At the time of this blog post I have self-published 7 titles, and I am in the process of completing a devotional that will likely also be self-published.
1. Experience really is a great teacher.
As I look back on my novels, Good Girl really bears the characteristics of a first novel. The main character, Shayna, is a mirror of myself. As authors mature, they tend to be more able to break away from self. This is precisely what has happened with my writing. Single Dad 19, which was begun days after I finished Good Girl, is about a young man's experience with grief and new fatherhood--nothing that I have personally experienced. In addition, with these two books I learned an author should not change his/her name. Good Girl is published as Kimberly G. Anderson, while Single Dad 19 and my other books are Kimberly Griffith Anderson. Amazon and other booksellers list is as a separate author. When I married as Massey in 2015, I had to make the decision to keep my published name as Anderson on future works due to this earlier blunder. As a self-published author, there is a not a publishing company there to prevent the missteps. It is important to connect with other authors to learn the ropes.
2. Money cannot be the sole motivation to write or publish.
In a previous post I wrote about the fact that writing is a basic way of life for me. Writing helps me to sort out the issues of everyday life, it is a part of my meditation. I believe that no man is an island. We have all experienced or learned something that can help someone else. Sometimes, though, in our reflection and meditation to write the next paragraph or chapter, God may reveal something to us that we can either take for ourselves or write it, publish it, and potentially share it with the world. Yes, it would be great if every book became a bestseller and I became rich, but until that happens, I will just keep pecking on these keys and praying, and thanking God each time a reader tells me what one of my books meant to him/her.
3. Self-publishing means self-promotion.
As a self-published author, no company has compensated me with a million dollars up front and now must promote my book to recoup their advance. Actually, for most self-publishing it is the author who has spent money up-front and it will be the author who must work to promote the book and recoup the publishing fees. Authors must give out business cards, bookmarks, and even books everywhere they go! Authors must use their social media platform. Authors must seek out events and opportunities to speak and promote their work. Authors have a tendency to be shy or introverted, but in order to become successful, they must break out of their shell.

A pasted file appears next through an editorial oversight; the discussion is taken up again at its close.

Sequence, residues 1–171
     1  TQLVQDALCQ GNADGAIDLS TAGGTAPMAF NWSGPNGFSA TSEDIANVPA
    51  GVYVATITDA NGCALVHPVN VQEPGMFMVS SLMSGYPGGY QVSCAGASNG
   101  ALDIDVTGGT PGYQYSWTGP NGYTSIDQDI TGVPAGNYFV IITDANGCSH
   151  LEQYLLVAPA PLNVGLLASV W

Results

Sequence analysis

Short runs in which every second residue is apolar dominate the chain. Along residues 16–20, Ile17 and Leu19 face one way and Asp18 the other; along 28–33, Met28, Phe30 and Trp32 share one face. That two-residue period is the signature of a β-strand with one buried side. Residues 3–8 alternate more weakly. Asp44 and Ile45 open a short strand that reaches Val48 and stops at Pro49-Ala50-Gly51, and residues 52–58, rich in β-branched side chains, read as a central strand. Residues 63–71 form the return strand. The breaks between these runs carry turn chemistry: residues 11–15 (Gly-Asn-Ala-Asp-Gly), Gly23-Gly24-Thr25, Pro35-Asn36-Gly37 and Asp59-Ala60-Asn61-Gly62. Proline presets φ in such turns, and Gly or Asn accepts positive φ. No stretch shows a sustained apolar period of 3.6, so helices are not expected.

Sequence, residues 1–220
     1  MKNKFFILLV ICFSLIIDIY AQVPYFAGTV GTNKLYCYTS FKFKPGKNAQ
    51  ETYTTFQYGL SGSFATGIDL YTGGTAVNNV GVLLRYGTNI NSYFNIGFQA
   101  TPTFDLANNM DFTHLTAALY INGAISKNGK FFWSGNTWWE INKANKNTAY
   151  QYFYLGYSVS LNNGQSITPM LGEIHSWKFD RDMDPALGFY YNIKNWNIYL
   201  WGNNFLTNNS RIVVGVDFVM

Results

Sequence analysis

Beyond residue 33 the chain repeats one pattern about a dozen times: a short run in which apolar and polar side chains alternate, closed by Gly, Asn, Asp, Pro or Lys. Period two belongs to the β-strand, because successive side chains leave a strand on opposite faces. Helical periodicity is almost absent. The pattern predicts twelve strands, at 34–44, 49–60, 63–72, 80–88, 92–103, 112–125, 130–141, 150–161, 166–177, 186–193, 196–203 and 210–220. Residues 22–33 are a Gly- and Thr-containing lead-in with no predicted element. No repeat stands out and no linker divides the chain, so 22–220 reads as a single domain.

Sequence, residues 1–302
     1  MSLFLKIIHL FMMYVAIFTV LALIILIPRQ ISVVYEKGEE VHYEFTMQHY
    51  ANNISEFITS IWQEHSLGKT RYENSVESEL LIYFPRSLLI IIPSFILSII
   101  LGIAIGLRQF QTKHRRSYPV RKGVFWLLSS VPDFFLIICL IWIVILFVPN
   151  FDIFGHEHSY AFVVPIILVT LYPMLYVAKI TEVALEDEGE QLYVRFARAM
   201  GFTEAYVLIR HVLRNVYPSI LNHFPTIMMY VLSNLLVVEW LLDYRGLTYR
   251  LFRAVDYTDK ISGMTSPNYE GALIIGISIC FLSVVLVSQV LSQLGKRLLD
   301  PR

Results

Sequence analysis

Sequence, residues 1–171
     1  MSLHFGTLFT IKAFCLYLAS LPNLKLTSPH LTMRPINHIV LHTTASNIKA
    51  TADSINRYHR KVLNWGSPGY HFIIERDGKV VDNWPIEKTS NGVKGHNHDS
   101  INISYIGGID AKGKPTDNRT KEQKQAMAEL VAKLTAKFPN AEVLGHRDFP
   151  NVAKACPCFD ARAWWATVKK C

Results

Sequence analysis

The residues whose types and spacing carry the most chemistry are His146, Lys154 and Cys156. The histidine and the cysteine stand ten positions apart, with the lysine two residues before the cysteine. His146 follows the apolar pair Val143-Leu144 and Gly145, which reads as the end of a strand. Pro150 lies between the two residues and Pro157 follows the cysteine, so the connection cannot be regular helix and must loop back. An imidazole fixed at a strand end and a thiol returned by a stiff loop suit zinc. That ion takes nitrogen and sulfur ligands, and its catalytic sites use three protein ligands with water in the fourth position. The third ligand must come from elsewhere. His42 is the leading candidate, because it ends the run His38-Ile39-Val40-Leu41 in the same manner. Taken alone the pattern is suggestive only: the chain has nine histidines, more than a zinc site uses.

4. It is easier to promote a book that meets than a book that is just a fun read.
I have been published since 2008, with 7 titles. I have found, that with A Girls Guide to Abstinence and A Guys' Guide to Abstinence, I have a much easier time of promoting them because they serve a purpose. These books help to explain a concept we often shy away from because we don't fully know how to explain. While, I think everyone needs to read all of my books, these and What Are Fungi, a nonfictional children's book, serve a specific purpose. The others are relatable and entertaining, but these 3 are need-to-read titles.
5. All self-publishing companies are not created equally.
I have 4 books published with AuthorHouse and 3 with CreateSpace. In addition, I have used 48hrbooks and International Minute Press for some smaller projects. I really like the final products that AuthorHouse presents, but these attractive books come with a significant initial investment by the author. Included in the package is an ebook, and posting to all major websites for books sales. The company will even post the book in their e-magazine. They will contact the author to offer opportunities for additional promotion for additional costs. CreateSpace, I have found, offers "al-a-carte" publishing. They offer similar packages as AuthorHouse, but they also offer a no-cost option for authors who upload a print-ready PDF. While formatting is a BEAR, and it can take as much time as writing the book, the money saved by not having to pay upfront costs can be redirected to promoting the book. If you are considering self-publishing I encourage you to contact the author of a book published by the company to get their feedback before you make a decision.
Are you a self-published author or considering becoming one? Please comment below.
If you like this style of writing, you will enjoy Turn North: A 30-Day Devotional and Journal written by the author of this blog.